The opening item, L'amante modesto (the modest lover) from the first book of madrigals was sung by a quintet of singers (Miriam Allen, Martha McLorinan, Nicholas Mulroy, John Bowen and David Shipley). It introduced us to Strozzi's style, very much influenced by Cavalli (Strozzi, born in 1619, was 17 years younger than Cavalli and would have been 24 when Monteverdi died). It is a lyrical, mellifluous style, no surprise that Strozzi was herself a singer, with the singers used in varying groupings, this was very much Monteverdi's Seconda Prattica with individual voices supported by instrumental groupings. The piece opened with great drama, and was full of vivid and varied emotions, sung with quite strong vibrant tone by the singers. Pace arrabiata (Peace in anger), also from the first book of madrigals, was sung by three men's voices and whilst it decried the behaviour of a haughty woman, the music was often dance-inspired. Nicholas Mulroy did wonders with the high tessitura of the upper tenor part, and the whole was strongly characterised.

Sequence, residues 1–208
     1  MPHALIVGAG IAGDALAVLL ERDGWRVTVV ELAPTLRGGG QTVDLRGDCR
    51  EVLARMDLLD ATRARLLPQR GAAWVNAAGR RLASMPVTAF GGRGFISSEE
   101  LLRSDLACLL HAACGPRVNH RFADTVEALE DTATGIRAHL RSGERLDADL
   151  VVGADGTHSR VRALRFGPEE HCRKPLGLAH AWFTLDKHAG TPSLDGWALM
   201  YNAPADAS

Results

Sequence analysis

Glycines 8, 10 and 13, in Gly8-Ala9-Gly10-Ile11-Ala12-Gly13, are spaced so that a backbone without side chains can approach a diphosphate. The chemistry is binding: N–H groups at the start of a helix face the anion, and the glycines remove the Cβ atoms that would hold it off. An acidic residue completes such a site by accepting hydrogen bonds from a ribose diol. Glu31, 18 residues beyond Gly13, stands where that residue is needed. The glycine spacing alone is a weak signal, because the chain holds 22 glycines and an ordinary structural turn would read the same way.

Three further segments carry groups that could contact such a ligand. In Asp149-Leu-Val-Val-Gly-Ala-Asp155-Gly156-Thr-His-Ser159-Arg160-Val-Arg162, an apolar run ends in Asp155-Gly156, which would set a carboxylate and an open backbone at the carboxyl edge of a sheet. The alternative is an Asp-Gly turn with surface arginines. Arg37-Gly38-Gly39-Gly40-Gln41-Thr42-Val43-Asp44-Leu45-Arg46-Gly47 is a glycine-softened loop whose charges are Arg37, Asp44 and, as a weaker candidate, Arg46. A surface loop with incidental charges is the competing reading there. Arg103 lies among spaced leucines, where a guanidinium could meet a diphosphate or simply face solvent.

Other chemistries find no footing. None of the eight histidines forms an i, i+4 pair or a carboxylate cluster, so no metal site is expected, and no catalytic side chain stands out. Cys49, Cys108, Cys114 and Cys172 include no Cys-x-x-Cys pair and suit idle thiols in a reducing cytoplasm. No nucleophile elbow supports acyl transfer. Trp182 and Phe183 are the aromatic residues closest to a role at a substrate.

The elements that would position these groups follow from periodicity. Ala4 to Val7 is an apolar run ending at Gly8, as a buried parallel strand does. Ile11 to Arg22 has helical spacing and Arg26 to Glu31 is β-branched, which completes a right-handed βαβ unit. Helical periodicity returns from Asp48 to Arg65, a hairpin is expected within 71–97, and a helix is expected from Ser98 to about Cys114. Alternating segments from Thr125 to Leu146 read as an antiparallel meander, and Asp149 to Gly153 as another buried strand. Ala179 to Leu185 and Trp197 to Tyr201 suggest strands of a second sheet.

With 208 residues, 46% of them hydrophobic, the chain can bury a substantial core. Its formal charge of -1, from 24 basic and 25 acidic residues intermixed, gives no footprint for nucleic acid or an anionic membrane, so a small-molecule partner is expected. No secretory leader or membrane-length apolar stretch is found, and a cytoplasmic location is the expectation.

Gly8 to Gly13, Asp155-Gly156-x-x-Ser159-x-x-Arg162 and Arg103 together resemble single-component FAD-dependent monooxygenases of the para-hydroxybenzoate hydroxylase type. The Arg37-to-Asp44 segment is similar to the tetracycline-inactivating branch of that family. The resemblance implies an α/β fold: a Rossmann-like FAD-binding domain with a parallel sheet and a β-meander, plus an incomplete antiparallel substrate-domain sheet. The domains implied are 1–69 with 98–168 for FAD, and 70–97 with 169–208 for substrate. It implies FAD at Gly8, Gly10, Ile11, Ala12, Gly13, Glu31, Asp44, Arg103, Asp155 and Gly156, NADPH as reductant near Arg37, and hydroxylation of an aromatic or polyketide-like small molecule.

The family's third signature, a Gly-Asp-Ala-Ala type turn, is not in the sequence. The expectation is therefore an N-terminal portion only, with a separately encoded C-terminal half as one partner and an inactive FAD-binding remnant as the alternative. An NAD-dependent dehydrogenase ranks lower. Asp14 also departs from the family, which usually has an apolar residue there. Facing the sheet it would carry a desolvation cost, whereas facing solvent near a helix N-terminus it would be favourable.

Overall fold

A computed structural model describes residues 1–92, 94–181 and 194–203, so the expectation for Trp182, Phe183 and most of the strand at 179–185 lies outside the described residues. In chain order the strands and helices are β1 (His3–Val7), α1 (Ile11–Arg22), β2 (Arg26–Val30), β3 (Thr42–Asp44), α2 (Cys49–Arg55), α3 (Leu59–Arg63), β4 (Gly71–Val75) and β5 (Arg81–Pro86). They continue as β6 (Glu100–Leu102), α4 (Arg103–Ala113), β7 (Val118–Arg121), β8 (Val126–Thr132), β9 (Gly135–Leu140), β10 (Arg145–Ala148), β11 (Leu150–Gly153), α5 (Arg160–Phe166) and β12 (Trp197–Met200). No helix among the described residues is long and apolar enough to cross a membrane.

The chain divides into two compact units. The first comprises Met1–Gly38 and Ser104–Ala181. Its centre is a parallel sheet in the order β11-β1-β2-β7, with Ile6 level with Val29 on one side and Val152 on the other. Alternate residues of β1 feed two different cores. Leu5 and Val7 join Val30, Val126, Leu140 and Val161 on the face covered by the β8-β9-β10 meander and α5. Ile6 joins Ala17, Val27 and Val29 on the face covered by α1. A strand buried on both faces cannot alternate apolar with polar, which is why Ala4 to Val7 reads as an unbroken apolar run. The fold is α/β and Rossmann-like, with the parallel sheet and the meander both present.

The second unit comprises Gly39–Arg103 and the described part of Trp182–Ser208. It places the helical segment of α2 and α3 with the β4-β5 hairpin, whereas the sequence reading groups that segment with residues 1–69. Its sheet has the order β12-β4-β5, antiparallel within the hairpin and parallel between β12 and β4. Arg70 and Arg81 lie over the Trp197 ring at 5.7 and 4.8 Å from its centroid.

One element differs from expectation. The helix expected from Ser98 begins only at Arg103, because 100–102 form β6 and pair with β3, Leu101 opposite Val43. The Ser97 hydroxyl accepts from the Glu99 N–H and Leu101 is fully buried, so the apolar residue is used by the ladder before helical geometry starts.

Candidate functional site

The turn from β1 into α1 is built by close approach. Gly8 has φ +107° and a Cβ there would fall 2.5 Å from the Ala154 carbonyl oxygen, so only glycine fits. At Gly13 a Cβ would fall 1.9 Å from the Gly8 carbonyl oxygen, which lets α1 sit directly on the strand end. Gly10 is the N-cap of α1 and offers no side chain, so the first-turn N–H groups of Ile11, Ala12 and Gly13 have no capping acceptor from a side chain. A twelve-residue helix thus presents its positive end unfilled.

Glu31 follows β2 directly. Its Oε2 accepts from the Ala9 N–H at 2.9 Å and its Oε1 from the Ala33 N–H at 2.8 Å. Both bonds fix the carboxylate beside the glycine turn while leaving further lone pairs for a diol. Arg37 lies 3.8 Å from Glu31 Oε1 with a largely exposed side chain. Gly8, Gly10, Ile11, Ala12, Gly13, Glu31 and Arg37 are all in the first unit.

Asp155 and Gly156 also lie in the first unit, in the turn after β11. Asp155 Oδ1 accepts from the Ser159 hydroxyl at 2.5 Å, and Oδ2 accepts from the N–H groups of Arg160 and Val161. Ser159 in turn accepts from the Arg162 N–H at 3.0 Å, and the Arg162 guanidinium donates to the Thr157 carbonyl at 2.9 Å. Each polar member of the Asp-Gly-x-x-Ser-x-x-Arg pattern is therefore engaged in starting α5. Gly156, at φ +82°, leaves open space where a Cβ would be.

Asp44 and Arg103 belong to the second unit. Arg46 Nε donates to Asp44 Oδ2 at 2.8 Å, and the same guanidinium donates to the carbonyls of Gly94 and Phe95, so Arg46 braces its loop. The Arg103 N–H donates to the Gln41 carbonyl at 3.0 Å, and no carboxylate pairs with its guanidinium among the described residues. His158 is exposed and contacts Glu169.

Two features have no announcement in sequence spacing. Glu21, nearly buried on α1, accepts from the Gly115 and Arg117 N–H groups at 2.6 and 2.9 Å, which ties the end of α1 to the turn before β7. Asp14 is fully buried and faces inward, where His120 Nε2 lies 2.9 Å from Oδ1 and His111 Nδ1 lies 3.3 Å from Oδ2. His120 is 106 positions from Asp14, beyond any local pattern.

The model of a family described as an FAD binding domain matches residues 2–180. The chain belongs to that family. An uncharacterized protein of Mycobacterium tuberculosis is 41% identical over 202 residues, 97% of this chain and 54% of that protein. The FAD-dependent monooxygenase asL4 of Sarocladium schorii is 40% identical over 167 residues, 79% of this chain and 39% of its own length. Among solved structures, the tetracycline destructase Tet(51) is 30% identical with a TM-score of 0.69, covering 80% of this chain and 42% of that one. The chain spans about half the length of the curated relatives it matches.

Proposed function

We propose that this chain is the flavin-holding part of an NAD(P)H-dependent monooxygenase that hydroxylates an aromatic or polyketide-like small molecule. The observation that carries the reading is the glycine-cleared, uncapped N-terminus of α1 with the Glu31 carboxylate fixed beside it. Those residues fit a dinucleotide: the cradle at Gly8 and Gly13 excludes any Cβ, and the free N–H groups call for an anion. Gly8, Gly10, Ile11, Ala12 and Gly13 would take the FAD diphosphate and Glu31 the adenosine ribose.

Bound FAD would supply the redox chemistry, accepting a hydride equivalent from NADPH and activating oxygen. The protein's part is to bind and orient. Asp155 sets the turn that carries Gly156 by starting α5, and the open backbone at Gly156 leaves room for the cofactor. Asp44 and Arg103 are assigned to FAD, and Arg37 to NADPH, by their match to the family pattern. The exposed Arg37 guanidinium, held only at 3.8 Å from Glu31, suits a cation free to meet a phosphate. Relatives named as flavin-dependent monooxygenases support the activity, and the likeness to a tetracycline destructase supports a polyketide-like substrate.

Lagrime me, from Diporte di Euterpe, is one of Strozzi's better-known pieces, and its title 'My tears' very much characterises the lamenting style of much of Strozzi's music (though we must beware of conflating a poetic style with the feeling of the composer herself). Mary Bevan was accompanied by an instrumental ensemble without harpsichord, the piece was full of lamenting melisma and expressive chromatics. Set very much in free arioso, the music was by turns passionate and sensual, with a structured section only towards the end when we had a lovely Chaconne-like section which led to a return of the opening verses with their settings of 'Lagrime' (tears) to free melisma.